Dempsey was quintessential 1920s figure
Sept. 22, 1927 - It was the most famous fight in the Golden Age of Sport. It was the night of the Long Count in Chicago. It was the fight when Jack Dempsey knocked Gene Tunney to the canvas for more than the 10 seconds required for a knockout, but lost the heavyweight championship fight.
Dempsey, the challenger seeking to regain his title in this rematch, had only himself to blame.
After Tunney hit the floor in the seventh round, and the timekeeper began his count, Dempsey ignored referee Dave Barry's attempt to get him to a neutral corner. Barry again pointed to the neutral corner, and only then did Dempsey leave his own corner and head across the ring. When Barry saw Dempsey in his proper place, he began the count. But instead of picking up the timekeeper's count of five, he called out, "One."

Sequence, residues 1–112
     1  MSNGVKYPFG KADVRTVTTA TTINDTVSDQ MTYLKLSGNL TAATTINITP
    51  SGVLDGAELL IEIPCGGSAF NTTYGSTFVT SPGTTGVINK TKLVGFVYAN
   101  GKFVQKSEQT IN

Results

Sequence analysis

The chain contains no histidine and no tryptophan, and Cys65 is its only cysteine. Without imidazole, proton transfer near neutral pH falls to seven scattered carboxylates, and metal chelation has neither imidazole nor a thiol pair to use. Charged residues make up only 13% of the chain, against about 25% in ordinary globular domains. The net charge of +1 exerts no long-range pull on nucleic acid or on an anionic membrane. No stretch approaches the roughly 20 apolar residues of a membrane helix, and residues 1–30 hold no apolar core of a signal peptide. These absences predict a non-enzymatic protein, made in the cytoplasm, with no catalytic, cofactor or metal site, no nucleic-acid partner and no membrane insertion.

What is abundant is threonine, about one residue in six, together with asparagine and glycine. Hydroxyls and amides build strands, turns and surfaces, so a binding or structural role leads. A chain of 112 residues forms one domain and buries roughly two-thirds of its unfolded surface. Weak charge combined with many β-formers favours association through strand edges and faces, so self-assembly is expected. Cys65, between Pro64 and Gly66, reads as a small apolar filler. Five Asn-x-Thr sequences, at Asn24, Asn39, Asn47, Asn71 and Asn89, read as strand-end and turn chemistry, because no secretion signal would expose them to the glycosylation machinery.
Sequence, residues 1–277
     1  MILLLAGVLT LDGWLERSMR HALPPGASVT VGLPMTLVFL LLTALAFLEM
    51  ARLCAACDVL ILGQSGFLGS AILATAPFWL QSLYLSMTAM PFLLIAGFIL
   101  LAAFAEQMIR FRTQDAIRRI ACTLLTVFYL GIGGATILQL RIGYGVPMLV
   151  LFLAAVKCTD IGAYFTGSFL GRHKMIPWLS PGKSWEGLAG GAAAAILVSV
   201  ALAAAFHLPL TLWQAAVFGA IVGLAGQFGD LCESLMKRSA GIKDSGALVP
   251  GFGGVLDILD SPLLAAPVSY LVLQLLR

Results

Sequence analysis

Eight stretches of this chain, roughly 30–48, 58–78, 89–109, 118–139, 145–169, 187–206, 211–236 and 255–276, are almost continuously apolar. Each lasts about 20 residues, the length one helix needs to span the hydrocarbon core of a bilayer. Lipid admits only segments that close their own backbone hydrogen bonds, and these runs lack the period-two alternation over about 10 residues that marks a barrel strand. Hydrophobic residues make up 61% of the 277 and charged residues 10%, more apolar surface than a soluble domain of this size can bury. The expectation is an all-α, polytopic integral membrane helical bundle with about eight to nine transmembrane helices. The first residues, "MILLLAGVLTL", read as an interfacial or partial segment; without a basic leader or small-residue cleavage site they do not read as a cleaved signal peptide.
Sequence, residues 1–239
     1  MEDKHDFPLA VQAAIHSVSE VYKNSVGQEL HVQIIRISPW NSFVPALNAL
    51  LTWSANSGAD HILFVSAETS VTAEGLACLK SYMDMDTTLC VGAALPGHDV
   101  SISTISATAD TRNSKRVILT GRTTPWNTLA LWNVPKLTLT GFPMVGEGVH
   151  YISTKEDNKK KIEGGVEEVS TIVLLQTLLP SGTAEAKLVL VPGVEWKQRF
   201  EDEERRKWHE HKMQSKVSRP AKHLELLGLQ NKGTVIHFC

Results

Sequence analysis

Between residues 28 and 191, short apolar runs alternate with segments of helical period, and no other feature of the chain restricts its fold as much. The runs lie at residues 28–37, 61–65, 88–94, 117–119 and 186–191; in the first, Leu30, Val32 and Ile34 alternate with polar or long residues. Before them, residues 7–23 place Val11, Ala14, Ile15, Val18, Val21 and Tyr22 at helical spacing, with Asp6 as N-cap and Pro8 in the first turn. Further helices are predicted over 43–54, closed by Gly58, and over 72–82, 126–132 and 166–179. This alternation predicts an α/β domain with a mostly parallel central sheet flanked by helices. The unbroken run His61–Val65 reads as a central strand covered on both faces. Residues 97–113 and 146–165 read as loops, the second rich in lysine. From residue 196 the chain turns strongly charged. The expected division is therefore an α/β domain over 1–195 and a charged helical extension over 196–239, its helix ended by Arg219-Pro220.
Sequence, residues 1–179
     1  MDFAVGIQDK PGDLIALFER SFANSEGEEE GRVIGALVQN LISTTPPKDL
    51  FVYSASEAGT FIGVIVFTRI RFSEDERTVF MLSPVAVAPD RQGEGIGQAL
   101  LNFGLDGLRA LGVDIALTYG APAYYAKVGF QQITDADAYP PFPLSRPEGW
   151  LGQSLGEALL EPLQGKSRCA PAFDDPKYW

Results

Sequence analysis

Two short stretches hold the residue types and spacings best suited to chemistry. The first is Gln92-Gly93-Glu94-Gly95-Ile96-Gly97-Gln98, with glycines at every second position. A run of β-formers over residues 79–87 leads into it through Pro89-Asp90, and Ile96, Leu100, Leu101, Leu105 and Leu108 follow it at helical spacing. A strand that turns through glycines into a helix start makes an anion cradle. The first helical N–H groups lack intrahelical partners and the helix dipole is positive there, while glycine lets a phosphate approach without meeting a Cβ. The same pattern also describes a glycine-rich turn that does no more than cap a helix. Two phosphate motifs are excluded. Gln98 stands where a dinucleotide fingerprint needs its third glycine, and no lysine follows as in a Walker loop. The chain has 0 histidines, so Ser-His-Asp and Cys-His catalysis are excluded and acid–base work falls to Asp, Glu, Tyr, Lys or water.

As Barry continued his count, a dazed Tunney raised his eyes from the floor and looked up at the ref. At nine, Tunney, holding the rope, pulled himself to his feet after being down for about 14 seconds. He survived the seventh round, and then knocked down Dempsey in the eighth. Badly battering Dempsey in the final rounds, he retained his title on a unanimous decision.
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